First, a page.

I think that the dismissiveness of religious people has been as a result of insecurity. I regularly got the idea that people were saying that I wasn’t better than others, which wasn’t what it was about. It was about personal experience rather than the experience of other people thousands of years ago. It was about that whisper that is heard after the earthquake, the thunder, and the fire. I feel that the stories of the past show us what to look out for, just not in the way many religious people interpret it today. The stories are inspirational, but instead they are made to represent something that was back then physical, material, graspable. That whisper is between the lines. It happens after the event when one is relaxing. It happens when we are not poised and ready. Likewise, it happens on a bus, in a train, or in the sauna. That whisper could just as well be my imagination, but it says something of meaning. That is why you cannot prove anything, as non-religious people demand. You can just be inspired and live accordingly.
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Re: Inspiration

Postby Dan~ » Sun May 02, 2021 7:29 pm

I used to see eyes in the dark when i closed my own eyes.
White impressions in the black.
They seemed to be watching me and paying attention to my existence.
I felt neutral about them.
Later in life it stopped.

Most recent, i have been focused on alien souls.
But i don't go into details about this,
due to fear of a miss understanding.
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Re: Inspiration

Postby iambiguous » Sun May 02, 2021 8:17 pm

Bob wrote:When I was a small child, I would often wake up and panic because I could feel a shell around me, and it seemed to be suffocating me in the darkness. I could feel my eyes, but they were glued shut and my eyelashes were wet with some kind of sticky substance. I screamed in the night and panicked because I had tactile sensations but didn't know where I was or that I could breathe if I just calmed down. The darkness seemed to have gradations of black and grey, and then a light seemed to emerge from behind that darkness and arms reached out for me, calming my breathing just by being there. I could feel warm water on my face, washing away the stickiness around my eyes and opening the darkness until the incoming light made me squint, and I could see those arms and the face that belonged to them. I felt like the world was back, even though it had been me who had been away, drunk on sleep and shrouded in a dream world. That is where I returned to when sleep overtook me again and the light blurred and dimmed with the touches of the blankets that were wrapped around me. Voices whispered assurances and drifted away, and I was gone again. Although I didn't know where this darkness was, I felt safe, and I could breathe again.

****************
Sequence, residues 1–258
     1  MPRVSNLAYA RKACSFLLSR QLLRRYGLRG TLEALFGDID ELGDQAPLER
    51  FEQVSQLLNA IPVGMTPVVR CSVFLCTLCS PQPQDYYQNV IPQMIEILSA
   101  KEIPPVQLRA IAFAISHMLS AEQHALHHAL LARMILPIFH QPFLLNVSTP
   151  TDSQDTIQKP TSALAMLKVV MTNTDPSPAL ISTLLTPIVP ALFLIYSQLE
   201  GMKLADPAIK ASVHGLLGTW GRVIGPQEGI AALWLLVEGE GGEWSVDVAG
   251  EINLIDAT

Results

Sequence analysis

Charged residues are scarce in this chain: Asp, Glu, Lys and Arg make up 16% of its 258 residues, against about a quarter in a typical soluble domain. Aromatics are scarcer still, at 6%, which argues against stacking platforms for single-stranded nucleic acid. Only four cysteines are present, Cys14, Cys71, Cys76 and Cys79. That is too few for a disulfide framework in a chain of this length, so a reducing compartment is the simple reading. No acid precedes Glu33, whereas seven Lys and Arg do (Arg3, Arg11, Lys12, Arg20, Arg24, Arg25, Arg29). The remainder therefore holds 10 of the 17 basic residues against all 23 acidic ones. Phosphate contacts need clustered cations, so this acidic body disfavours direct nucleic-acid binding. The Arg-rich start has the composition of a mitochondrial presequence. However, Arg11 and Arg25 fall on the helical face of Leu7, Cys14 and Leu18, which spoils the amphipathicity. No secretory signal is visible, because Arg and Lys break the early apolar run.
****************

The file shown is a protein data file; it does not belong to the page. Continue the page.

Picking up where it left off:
I suppose that I had conjunctivitis at that time, although I do not know because I was very young, and it was more than once. The experiences remained in my memory and I still dreamed of it in later life. It was above all the experience of darkness, with a light that seemed to be behind the blackness, but slowly shone through that stirred me. It was almost a religious experience, or perhaps the ground of religious experiences later on. A sense of awe, later of the sublime or the ineffable accompanied me without clear guidance. I don’t remember my family being particularly religious. Meeting my Methodist Great Aunt was at least very other-worldly, and we moved to a new house so often that there were many other things to discover. There was also a sense of healing in that memory that came to me later when I heard of the story about Jesus healing a blind man, and of belonging. When those arms pulled me out of the shell in which I felt trapped, I came home again. And the experience lasted only in my imagination over decades, ephemeral as the dream at night.